Federations Set To Push Agency On Ethiopians

By Rebecca Spence

Published November 24, 2006, issue of November 24, 2006.
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The national arm of North American Jewish charitable federations is stepping up pressure on the Israeli agency responsible for immigration to take over a camp in Ethiopia, where thousands of would-be immigrants are waiting for permission to enter the Jewish state.

Signaling its frustration with government inaction, United Jewish Communities is pressing the Jewish Agency for Israel to take over the camp in Gondar, where about 9,000 Falash Mura — Ethiopians whose Jewish ancestors converted to Christianity under duress — are living in squalor. UJC is pushing for the Jewish Agency to provide nutritional and medical care, Hebrew language instruction and vocational training in order to prepare potential immigrants for life in the Jewish state. Most of the Falash Mura waiting to immigrate have embraced their Jewish roots and are now practicing Judaism.

“We have begun in earnest a conversation with the government and the Jewish Agency about its taking over the compounds,” said Doron Krakow, UJC’s senior vice president for Israel and overseas. “Our belief is that if people are eligible for making aliya to Israel, that we should do everything we can to ensure they have some of the best possible preparations.”

In an earlier deal struck between the Jewish Agency and the North American Conference on Ethiopian Jewry, a nonprofit organization that has for many years provided funding and services to the Ethiopian camps, the Jewish Agency would move in only after the Israeli government doubled the number of Falash Mura brought to Israel each month. The government pledged in a January 2005 agreement to raise the rate of immigration to 600 from 300, and to finalize the list of those eligible for citizenship, but it has yet to make good on its promise.

In recent months, the government backtracked and proposed halving the monthly rate of Falash Mura immigration to 150. The current allowance of 300 was reinstated early this month, though some observers suggested at the time that the slash and restoration might have been intended to distract from the government’s failure to keep to its prior commitment to double the rate.

Advocates for the Falash Mura have accused the Jewish Agency of faltering in its responsibility to potential immigrants living in the Gondar camp and in Addis Ababa, where a smaller camp was closed last year following internecine disputes.

Avraham Neguise, who directs South Wing to Zion, a Jerusalem-based advocacy group for Ethiopian Jewry, said that the Jewish Agency should have taken over the camps long ago. “The Jewish Agency is playing games and finding excuses all the time not to fulfill its responsibility to help Jews in distress,” Neguise said. He also said that the North American Jewish community, as represented by UJC, should exert its influence to force the Jewish Agency to move into Gondar.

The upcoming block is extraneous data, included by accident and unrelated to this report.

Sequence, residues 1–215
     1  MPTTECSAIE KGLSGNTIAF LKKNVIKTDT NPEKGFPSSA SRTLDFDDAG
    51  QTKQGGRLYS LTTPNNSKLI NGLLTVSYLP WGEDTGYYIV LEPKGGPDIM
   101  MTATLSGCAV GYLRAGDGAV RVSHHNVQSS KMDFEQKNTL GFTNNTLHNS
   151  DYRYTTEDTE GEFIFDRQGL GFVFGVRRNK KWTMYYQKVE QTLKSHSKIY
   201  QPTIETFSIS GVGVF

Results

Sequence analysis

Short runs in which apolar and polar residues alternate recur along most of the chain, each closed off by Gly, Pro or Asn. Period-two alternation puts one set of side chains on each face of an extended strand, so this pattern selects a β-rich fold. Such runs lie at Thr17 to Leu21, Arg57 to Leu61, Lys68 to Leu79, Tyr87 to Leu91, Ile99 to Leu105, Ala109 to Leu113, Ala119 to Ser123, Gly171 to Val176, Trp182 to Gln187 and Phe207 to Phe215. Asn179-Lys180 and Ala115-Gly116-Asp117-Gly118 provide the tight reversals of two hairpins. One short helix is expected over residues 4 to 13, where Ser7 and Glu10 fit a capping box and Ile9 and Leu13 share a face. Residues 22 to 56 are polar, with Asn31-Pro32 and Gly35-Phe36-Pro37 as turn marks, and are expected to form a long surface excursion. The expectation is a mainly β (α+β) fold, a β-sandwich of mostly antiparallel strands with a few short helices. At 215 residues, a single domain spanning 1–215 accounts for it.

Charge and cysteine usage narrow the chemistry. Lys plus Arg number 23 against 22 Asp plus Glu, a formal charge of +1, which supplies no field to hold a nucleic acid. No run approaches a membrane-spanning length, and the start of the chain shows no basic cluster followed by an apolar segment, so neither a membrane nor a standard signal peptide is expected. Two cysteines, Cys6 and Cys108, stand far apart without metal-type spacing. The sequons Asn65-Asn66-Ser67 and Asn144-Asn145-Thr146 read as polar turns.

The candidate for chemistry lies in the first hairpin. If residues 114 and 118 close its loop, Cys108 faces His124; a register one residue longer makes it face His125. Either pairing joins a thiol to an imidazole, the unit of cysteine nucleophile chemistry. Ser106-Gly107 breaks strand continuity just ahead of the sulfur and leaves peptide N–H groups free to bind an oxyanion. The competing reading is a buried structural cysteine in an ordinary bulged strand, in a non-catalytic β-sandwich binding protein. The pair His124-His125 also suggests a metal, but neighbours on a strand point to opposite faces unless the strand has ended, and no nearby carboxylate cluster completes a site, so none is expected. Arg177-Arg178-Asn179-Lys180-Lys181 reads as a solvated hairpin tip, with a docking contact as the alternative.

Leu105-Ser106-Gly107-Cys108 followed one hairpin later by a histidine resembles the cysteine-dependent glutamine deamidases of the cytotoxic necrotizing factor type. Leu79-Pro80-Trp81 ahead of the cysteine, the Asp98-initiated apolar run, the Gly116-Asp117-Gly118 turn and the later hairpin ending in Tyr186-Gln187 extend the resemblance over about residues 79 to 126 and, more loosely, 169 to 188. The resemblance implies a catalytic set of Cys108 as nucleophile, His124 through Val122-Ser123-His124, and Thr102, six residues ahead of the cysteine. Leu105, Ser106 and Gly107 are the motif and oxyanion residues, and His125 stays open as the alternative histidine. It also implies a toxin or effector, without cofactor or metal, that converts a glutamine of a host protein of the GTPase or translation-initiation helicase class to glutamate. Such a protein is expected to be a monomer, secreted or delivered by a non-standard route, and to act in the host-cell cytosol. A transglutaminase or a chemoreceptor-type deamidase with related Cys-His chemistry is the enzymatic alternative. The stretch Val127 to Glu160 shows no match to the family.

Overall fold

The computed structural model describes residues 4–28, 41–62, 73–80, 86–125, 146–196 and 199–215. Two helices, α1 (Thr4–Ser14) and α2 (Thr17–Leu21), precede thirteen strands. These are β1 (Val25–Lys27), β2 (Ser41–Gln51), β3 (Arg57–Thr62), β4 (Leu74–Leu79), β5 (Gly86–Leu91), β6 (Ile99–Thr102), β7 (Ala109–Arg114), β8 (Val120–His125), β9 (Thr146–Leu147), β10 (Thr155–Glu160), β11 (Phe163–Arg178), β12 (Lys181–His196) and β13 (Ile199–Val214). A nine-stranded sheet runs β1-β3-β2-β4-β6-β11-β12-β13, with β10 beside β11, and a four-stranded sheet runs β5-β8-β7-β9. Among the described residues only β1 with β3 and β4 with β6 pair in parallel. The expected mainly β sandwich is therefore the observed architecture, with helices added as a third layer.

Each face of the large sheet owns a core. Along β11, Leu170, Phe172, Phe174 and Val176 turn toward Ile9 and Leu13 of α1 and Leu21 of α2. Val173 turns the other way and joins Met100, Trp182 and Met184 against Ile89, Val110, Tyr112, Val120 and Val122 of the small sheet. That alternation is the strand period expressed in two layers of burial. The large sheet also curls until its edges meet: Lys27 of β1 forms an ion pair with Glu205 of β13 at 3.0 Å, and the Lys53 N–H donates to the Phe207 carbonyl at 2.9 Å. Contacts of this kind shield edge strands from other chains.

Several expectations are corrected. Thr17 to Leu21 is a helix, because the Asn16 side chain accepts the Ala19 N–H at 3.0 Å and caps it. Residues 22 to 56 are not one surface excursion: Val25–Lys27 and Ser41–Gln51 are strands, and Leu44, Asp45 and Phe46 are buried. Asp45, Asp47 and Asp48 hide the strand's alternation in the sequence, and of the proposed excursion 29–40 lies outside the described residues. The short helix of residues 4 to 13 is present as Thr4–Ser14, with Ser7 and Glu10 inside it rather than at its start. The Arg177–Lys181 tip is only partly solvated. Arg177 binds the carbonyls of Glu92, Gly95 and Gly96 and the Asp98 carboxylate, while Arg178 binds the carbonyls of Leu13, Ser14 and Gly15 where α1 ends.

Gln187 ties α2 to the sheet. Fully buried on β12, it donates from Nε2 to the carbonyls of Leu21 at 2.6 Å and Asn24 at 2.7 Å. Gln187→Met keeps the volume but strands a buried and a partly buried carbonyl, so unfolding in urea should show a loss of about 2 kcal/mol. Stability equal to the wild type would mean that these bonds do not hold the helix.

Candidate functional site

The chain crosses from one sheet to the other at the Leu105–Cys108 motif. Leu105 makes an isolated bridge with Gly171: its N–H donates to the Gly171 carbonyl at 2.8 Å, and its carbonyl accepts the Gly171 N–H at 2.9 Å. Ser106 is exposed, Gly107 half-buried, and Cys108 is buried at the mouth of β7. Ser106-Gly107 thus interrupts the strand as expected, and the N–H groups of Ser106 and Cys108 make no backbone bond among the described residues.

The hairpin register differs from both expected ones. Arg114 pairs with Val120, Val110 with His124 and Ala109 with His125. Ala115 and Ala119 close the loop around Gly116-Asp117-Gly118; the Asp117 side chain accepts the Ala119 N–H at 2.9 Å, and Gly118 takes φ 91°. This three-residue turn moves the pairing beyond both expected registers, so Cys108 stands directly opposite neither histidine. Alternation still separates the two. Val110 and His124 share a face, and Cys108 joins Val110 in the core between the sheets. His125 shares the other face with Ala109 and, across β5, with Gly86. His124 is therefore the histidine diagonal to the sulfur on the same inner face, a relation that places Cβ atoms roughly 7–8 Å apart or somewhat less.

In 2005, UJC set out to raise $100 million under its Operation Promise campaign to bring the Falash Mura to Israel and to absorb them into society. But the federations fell short of that goal after fundraising efforts were shifted last summer to aid Israel’s war-ravaged northern region.

Despite the fact that UJC is ramping up pressure, the Jewish Agency says it has its hands tied. According to a spokesman for the quasi-governmental body, Michael Jankelowitz, the agency is bound to its previous agreement with Nacoej, which now funds the Gondar camp, to not take the reins until the rate of immigration is doubled. When and if that happens, Jankelowitz said, is up to the Israeli government.

“The Jewish Agency would like to be able to operate pre-absorption centers, but it’s not a matter of urgency,” Jankelowitz added.

Joseph Feit, a past president of Nacoej, disputed Jankelowitz’s assertion that the advocacy group would be unable to give over control to the Jewish Agency as a result of the prior agreement. His group, Feit said, would have no problem amending the stipulation that the rate of immigration would have to double before the Jewish Agency could move in.

“I am extremely confident that Nacoej’s board would happily agree to waive the provision and have the Jewish Agency run the Gondar compound, if the Jewish Agency provides assistance for all of the people covered by the agreement,” Feit said. He added that more than three years ago, in a meeting with former Jewish Agency chairman Sallai Meridor, he offered to give them control of the schools in Addis Ababa and in Gondar.






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